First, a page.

Reproductive "Choice" Campaign
What it is
The Reproductive "Choice" Campaign consists of large-bodied box trucks with images of aborted children on the sides and rear panels. They are driven at peak traffic times to maximize the number of people exposed to the images.
Why it's Done
Words alone fail to expose the true face of abortion so the RCC presents the truth of abortion in a way that its magnitude can only be fully understood: visually. But the traditional media (e.g., television networks, newspapers, billboard advertisers) will generally not show the reality of abortion or allow for graphic pro-life advertising. Therefore, the pro-life movement must create its own mass media projects to convince the public of what abortion is.
The Reproductive Choice Campaign (RCC) was created because the media and the government refuse to adequately educate the public on abortion. Since most Canadians do not want to know about abortion, very few people will learn what actually happens to the pre-born. Therefore, in order to educate the public, CCBR aims to bring the pro-life message directly to Canadians who, today, are more likely to be on the roads than in the past.
Having said that, the RCC is so controversial it will attract the attention of the media, compelling them to cover the event. Thus, the RCC will also garner free publicity for the pro-life view, in a manner the movement couldn’t even buy time for.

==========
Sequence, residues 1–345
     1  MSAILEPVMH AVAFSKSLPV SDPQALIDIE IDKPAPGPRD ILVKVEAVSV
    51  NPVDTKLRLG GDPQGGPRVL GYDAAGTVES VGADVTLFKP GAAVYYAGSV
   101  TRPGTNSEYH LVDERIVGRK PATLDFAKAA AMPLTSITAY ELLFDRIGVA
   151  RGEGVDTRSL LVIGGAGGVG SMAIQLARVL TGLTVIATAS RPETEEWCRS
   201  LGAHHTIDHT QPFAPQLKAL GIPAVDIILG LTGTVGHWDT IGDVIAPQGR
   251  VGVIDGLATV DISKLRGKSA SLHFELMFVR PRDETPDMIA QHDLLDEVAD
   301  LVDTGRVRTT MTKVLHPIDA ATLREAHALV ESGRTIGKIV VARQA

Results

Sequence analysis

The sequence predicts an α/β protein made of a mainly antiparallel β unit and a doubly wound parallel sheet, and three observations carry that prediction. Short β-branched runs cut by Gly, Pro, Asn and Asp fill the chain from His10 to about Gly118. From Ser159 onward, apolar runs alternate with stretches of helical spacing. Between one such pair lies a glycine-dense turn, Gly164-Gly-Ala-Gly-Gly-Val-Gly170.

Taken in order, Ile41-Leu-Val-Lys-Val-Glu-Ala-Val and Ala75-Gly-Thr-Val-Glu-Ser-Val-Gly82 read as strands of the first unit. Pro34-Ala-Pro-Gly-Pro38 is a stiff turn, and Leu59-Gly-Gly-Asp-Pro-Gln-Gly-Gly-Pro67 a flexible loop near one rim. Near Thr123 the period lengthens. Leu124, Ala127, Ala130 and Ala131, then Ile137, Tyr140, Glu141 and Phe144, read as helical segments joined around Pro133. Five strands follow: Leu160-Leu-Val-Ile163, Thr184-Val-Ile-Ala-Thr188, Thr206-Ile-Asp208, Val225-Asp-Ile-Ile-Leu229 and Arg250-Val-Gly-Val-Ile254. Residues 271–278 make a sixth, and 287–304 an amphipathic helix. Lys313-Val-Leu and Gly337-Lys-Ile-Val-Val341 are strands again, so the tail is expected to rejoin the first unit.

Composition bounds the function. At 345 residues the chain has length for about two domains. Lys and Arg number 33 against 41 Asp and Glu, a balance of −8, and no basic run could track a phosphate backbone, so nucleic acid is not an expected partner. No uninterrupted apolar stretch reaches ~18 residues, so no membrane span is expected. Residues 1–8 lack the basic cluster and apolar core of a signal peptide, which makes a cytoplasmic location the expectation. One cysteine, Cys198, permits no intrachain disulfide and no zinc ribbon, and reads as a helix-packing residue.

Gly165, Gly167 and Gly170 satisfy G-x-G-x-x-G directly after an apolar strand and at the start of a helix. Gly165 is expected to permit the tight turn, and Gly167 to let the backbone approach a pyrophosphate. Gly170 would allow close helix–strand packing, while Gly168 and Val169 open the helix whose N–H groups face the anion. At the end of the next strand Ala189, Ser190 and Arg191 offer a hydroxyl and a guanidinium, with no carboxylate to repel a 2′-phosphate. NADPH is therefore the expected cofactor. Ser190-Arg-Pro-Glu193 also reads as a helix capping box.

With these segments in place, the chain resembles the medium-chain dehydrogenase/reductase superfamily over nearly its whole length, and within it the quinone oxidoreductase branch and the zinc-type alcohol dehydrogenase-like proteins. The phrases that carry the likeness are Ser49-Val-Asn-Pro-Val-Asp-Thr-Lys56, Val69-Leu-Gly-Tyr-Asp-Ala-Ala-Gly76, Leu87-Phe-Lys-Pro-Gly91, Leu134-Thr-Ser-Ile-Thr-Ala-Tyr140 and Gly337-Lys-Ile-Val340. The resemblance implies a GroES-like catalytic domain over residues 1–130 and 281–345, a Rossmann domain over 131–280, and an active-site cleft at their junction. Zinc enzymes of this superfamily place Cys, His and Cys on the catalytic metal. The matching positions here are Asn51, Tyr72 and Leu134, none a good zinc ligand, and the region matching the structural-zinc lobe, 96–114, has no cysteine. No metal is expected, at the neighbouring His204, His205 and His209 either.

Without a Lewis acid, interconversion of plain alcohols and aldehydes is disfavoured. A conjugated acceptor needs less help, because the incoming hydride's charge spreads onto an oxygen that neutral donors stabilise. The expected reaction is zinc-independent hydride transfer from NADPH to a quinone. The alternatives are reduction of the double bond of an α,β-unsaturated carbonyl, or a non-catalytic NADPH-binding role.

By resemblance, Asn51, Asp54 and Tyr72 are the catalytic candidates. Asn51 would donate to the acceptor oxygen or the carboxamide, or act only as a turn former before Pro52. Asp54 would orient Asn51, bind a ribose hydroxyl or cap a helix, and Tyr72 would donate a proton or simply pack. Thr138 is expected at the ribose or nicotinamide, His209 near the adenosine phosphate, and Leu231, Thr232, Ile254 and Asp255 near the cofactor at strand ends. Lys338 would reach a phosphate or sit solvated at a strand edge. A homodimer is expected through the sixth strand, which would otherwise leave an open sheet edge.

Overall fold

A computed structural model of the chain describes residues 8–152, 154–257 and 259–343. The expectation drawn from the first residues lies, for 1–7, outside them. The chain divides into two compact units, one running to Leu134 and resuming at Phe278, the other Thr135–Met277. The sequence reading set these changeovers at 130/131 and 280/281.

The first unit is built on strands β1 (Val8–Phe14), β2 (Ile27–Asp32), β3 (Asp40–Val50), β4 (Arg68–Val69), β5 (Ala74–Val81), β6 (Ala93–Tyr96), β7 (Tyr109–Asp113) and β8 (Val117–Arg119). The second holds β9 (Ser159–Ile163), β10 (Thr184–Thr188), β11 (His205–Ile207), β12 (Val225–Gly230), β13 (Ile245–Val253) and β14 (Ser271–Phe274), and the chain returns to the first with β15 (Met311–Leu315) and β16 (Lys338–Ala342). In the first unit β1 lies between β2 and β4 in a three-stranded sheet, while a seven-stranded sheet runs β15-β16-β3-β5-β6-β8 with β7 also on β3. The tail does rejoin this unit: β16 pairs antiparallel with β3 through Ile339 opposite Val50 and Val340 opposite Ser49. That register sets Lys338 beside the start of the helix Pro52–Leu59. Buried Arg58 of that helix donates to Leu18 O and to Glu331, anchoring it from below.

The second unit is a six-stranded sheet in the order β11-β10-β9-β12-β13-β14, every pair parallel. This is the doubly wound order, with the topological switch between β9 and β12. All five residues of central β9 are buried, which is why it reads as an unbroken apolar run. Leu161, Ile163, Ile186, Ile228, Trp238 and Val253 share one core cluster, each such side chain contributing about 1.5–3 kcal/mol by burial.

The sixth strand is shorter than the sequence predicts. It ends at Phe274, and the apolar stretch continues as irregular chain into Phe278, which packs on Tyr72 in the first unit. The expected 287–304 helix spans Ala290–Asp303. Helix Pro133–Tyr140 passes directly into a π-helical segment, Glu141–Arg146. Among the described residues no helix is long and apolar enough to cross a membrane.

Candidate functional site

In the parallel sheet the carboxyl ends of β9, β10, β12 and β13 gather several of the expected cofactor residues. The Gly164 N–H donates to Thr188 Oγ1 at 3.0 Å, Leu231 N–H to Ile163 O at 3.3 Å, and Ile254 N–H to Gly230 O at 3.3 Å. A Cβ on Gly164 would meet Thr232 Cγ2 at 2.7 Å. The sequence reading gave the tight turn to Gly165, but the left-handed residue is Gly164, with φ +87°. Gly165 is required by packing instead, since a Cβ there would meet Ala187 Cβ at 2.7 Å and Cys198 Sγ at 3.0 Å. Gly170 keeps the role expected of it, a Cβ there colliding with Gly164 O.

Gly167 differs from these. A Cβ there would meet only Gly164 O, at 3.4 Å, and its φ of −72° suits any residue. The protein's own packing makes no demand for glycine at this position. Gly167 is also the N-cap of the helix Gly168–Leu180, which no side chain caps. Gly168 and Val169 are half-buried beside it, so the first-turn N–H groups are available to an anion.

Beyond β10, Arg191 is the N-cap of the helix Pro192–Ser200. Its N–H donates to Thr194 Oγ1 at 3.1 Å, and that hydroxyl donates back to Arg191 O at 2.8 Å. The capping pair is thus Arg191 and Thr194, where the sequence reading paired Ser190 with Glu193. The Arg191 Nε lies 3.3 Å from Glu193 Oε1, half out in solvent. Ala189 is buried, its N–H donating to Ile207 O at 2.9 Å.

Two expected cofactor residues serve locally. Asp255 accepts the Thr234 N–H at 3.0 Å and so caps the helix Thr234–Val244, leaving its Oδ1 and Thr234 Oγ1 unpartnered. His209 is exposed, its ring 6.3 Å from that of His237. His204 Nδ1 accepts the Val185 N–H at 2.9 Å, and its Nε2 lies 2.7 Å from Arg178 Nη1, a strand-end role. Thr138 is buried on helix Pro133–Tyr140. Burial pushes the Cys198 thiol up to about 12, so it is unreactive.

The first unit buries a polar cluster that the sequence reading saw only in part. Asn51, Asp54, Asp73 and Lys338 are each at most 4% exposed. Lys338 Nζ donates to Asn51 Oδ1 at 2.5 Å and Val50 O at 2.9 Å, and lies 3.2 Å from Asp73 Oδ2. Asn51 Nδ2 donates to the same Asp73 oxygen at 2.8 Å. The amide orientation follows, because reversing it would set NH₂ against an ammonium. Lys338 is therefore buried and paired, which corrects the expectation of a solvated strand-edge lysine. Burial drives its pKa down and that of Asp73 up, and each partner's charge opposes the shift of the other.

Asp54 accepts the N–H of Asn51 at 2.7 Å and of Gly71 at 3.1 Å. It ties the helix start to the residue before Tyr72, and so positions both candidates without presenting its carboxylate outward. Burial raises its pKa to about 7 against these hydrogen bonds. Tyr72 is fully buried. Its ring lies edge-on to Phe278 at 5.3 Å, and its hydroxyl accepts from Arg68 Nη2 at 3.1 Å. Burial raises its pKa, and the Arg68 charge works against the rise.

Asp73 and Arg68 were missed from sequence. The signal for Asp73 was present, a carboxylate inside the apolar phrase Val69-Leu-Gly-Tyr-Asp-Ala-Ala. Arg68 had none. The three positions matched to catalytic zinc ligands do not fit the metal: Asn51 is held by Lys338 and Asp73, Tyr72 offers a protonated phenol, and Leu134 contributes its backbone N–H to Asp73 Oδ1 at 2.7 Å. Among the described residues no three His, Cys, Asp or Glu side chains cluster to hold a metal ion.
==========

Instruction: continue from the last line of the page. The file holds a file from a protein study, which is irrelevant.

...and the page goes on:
In short, the RCC aims to save pre-born children from being killed and move those who are guilty of involvement with abortion into healing. By exposing the public to these images, CCBR will change how people think about abortion. When Canadians’ minds are changed, Canadian laws will be changed.
How it Works
The RCC requires a lot of planning and is a costly endeavour—of course, its impact is huge.
Running the RCC involves fundraising for the purchase of a vehicle, sign printing, and the construction to the truck body (required for sign attachment). Ideally the truck is on the road 5 days a week for several hours each time; therefore, the project requires staff and volunteers to drive the vehicle.
For security reasons, the RCC is not parked in public places; instead, it is driven in traffic like other vehicles on the road.
Where it Has Happened
The RCC was first launched in Canada in Calgary on August 8, 2007, and has since been routinely driven throughout the city.
In June 2010, the RCC went on a tour through Southern Alberta, which included stops in Okotoks, High River, Lethbridge and Medicine Hat.
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